Anyway, the phones are out and we’re missing calls. My dad is in town and wanted to make dinner arrangements. I missed that call, and so there is no shot that we’ll get in to the restaurant where we wanted to eat. I also missed a call from Jaime, who was at work and needed a ride home. What other calls did I miss? I don’t know, and likely never will, unless the caller decides to call back tomorrow after 7PM.

So I look at my AT&T account online to see how I can activate my call forwarding to forward all home calls to my Skype number. I have something called “Complete Choice,” which basically means I pay an exorbitant rate for my phone service in exchange for every feature they offer with the exception of voicemail. Looking over the features offered, I see that “remote access to call forwarding” is not activated on my account, even though it would cost me nothing to have it activated.

So, I call AT&T.

The first agent I spoke with, someone named Emma Smith (yeah right), was in Argentina. In order to access my records, I needed to give her the last four digits of my social security number. Yes, I had to give private details to an operator in a foreign country, for my privacy. If that isn’t an oxymoronic policy, I don’t know what is. Emma Smith said she enabled the “remote access to call forwarding” on my account, and I would receive the required PIN and access telephone number in the mail within two business days. OK, so obviously that doesn’t help me. The phone will be fixed within that time.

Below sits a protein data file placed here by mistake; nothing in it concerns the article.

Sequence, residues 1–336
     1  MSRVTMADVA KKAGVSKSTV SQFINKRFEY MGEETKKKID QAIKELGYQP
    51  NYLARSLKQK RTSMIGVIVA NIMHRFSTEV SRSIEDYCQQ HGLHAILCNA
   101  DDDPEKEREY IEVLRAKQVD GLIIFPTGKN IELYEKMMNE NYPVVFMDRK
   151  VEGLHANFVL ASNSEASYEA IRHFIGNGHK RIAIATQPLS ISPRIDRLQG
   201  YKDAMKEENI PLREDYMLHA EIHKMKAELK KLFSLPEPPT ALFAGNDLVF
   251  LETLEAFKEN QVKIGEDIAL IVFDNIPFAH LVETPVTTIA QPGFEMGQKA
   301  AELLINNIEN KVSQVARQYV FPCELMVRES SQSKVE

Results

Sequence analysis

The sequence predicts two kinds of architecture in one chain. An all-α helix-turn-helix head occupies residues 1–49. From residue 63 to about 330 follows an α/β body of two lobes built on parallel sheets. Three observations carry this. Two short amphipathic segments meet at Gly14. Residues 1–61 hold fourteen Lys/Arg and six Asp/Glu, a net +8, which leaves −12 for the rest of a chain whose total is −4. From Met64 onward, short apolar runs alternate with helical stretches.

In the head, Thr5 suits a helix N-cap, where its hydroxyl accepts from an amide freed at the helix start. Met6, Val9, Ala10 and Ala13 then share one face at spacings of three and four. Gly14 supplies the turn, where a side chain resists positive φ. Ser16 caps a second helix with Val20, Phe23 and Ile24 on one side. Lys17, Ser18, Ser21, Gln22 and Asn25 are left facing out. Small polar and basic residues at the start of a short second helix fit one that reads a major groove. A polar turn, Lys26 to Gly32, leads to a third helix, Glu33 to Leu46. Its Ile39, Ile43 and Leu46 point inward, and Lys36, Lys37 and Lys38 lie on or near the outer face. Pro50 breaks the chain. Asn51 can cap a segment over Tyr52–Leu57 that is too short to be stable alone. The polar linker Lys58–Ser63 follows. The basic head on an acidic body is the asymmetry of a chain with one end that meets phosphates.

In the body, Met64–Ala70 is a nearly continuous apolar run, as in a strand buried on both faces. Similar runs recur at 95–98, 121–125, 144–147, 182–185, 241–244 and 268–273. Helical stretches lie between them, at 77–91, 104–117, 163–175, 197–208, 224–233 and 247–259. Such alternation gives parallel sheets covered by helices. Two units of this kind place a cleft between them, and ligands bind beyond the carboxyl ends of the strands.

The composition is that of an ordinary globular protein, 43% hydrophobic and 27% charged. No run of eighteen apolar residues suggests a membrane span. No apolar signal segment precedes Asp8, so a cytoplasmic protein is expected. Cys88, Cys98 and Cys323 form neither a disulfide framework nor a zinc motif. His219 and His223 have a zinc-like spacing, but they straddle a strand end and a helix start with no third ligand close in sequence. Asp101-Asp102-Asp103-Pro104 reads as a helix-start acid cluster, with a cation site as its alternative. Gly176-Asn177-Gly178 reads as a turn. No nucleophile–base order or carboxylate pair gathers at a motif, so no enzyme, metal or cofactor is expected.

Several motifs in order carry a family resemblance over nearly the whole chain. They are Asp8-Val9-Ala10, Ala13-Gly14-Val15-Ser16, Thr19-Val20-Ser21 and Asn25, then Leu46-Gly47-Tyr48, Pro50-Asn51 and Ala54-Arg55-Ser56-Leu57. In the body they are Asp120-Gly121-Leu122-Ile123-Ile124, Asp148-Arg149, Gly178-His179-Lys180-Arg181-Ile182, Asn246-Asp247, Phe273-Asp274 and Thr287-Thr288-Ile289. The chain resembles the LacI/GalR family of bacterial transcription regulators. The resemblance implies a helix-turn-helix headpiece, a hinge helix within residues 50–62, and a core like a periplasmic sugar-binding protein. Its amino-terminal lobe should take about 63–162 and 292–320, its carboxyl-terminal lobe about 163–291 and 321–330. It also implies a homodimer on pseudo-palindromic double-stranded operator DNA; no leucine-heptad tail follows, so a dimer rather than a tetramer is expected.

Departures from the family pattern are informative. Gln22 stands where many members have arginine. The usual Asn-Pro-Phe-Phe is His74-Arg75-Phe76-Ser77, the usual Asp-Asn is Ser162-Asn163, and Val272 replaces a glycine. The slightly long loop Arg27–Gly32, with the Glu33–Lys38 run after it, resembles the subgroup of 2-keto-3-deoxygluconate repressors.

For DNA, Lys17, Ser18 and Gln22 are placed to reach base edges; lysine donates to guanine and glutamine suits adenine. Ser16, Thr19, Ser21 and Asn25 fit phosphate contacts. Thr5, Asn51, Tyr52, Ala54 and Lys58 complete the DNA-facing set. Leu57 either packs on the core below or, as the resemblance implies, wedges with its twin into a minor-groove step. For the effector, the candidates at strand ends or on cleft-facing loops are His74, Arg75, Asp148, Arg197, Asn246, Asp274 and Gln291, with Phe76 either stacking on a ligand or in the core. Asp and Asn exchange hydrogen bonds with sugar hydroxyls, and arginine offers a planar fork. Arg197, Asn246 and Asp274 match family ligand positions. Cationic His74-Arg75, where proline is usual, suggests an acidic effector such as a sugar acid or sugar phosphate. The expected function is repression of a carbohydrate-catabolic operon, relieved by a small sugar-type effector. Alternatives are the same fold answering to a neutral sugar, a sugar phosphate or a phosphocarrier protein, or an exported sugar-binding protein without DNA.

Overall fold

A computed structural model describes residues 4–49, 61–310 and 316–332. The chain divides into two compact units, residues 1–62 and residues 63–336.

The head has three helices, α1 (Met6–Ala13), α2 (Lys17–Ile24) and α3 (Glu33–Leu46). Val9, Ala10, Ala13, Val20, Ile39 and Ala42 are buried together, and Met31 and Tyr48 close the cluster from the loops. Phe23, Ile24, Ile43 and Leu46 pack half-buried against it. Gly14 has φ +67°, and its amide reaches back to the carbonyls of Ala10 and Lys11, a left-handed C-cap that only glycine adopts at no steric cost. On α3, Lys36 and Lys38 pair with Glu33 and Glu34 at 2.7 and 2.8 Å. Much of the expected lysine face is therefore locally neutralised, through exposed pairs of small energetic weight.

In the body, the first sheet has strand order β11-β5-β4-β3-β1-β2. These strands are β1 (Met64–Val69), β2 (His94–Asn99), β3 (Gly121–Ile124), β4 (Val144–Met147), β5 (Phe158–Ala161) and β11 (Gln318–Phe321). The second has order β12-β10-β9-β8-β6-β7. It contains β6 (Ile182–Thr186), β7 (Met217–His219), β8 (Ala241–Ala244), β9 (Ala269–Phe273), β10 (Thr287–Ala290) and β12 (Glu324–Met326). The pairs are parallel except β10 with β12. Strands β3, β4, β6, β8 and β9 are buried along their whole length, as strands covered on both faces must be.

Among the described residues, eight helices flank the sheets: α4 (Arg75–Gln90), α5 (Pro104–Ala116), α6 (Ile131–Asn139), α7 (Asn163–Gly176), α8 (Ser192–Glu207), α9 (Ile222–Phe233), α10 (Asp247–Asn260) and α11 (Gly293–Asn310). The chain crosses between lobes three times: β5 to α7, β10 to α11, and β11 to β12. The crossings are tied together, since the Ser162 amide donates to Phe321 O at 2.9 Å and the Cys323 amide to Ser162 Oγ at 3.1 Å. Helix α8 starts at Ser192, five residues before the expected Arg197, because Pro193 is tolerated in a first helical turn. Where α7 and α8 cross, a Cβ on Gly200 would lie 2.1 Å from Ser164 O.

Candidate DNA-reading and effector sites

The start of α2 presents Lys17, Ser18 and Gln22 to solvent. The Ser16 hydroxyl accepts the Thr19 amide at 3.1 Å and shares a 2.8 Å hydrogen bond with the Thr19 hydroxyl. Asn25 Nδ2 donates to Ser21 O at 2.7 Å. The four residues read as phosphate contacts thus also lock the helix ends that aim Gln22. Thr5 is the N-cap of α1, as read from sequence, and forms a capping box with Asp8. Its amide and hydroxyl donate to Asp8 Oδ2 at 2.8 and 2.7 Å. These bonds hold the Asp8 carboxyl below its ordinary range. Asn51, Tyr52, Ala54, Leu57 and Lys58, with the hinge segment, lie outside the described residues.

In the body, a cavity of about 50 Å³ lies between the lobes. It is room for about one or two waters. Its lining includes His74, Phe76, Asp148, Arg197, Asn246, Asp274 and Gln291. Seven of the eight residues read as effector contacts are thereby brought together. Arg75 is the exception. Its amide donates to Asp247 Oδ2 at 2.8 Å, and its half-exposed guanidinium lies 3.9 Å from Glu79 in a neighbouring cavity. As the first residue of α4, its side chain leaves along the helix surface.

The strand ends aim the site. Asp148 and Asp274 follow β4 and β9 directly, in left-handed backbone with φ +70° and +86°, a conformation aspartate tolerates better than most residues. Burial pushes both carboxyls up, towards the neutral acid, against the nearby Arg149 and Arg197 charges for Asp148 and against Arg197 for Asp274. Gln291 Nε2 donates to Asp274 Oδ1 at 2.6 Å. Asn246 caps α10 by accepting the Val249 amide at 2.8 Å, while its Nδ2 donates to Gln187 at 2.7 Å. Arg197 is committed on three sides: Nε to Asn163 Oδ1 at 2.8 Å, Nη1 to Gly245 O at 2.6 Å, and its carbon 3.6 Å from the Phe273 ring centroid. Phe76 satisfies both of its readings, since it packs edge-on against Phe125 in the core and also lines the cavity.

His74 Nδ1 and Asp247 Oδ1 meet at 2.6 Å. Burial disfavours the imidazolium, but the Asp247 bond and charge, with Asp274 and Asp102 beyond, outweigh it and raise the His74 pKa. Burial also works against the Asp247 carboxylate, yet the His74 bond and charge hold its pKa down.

I ask for a supervisor to see if this can be pushed through. She says her supervisor, Mark Nizzo, was in a meeting. That is customer service speak for “I don’t want to transfer you.” I dialed a toll free number, and as a result, I had no problem waiting on hold until the meeting was over. She said he was not available. I asked her if she wished to continue the lie that I believed she had told me, or if she would get a supervisor. She “transferred” me to someone else, and I was disconnected. Good. If all the idiots who work for AT&T in Argentina are as poor of listeners as Emma Smith, and if all the idiot AT&T employees in Argentina continually talked over their customers like Emma Smith, I didn’t want to talk to her supervisor anyway.